So I kept being pragmatic.  At the price of sometimes being labeled a naysayer, or raining on parades.  But it’s true – this is NO time for complacency.

But at the end of Oprah today, David Foster, Will.I.Am, Faith Hill, Seal, Bono, and Mary J. Blige sang a new song.

Vodpod videos no longer available.

more about “Download and Watch America’s Song“, posted with vodpod

And I cried.

It is a tightrope that we’re on.  Hope is a thread.  It’s fragile.  It must be guarded.  It must be cultivated.  It requires something of you.  Of us.  If we’re all gonna be out here on the line together, we have a responsibility to keep our neighbor’s standing.  It affects us all.

Tonight, though?  I’m dancing on that tightrope.  In step with the rest of you.  Through the tears – I’m dancing.  May God keep us together.

Something New

After much thought, I’ve decided to join the many, and throw myself [my ideas – and everything else] at the mercy of the blogosphere. So here I am, unsure of how all this is going to work, but just a little bit excited to begin.

This year brings me to my [gasp!] 30th birthday, and the firm realization that I’m not a kid anymore. Not that I’m supremely irresponsible – but I do still refer to folks as ‘boys’ and ‘girls’ [although I frequently alternate ‘guys’ for ‘boys’, there seems to not be a similarly informal handle for ‘women’, which is actually somewhat annoying to me]. But yeah, with a mortgage, job, car, and all the other trappings of adulthood, it’s finally starting to sink in.

Meanwhile, it promises to be a momentous year for quite a few other reasons – not least of which is the presidential race and subsequent election. Then there’re my plans to visit Rome, take violin lessons, seriously consider whether I’ll remain in my current location [Podunk, Bible Belt, USA] or relocate. I’m considering what direction I’d like the next decade of my life to take, and for me, there’s a good deal of fear involved. [I’ve tended to live my life according to this philos: “better a live chicken, than a dead duck”]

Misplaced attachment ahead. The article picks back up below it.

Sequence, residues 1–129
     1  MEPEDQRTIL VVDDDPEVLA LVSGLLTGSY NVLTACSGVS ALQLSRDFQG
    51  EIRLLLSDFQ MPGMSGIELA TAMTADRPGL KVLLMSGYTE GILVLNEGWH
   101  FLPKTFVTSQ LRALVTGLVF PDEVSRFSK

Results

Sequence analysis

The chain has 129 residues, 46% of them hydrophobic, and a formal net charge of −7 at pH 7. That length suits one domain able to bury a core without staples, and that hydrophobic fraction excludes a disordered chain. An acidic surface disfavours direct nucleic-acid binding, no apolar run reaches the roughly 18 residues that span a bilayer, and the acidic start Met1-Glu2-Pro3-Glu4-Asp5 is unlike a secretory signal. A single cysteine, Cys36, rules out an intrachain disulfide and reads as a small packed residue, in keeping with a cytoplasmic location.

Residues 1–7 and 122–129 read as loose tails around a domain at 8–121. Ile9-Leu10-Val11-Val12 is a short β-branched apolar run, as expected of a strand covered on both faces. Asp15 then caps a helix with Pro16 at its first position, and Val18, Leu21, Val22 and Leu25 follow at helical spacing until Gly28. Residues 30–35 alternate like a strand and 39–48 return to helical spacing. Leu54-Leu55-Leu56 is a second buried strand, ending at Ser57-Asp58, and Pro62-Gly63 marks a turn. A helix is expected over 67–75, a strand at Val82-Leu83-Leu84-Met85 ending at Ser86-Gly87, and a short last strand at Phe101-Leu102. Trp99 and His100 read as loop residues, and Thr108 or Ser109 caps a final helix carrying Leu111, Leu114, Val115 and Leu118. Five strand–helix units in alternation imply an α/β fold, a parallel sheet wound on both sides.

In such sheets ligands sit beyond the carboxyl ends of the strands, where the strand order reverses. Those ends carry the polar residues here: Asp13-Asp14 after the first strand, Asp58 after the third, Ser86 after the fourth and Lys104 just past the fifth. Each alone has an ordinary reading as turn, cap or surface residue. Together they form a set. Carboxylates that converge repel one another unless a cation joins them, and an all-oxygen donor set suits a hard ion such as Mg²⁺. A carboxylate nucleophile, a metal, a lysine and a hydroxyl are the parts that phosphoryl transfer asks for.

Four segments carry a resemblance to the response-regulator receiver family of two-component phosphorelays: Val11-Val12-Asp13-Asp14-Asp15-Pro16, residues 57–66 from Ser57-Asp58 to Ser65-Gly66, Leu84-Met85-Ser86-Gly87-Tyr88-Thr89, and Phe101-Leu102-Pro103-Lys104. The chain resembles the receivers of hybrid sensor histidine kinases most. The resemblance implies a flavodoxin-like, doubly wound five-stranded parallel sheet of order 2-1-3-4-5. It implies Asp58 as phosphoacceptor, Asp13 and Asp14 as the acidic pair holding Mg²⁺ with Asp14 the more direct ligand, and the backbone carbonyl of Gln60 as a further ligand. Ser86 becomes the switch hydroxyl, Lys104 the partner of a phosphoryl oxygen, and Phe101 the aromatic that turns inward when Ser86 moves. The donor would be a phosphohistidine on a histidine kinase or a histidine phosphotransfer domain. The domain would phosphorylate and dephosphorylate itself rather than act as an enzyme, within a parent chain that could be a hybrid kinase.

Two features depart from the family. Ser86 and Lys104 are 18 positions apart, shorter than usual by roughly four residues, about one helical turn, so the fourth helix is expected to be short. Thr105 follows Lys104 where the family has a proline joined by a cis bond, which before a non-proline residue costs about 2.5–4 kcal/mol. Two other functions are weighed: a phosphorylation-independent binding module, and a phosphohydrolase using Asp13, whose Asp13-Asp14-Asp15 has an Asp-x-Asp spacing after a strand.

I’ve not yet decided whether I’d like to focus on one specific topic, maintain a stream-of-consciousness style commentary on my life as it intersects with the rest of the world, or whether I want to take on a few partners in the development of this small corner of the web-community as it now exists.

So there’s a lot yet to be worked out – but I’m going for it. The writer’s strike [a la WGA] has afforded me the opportunity to reprioritize. And read more. And write more, hopefully. [and watch more movies, and take violin lessons, and sleep more]

Say goodbye to the inaugural post, then, and hello to –me–   my-grin1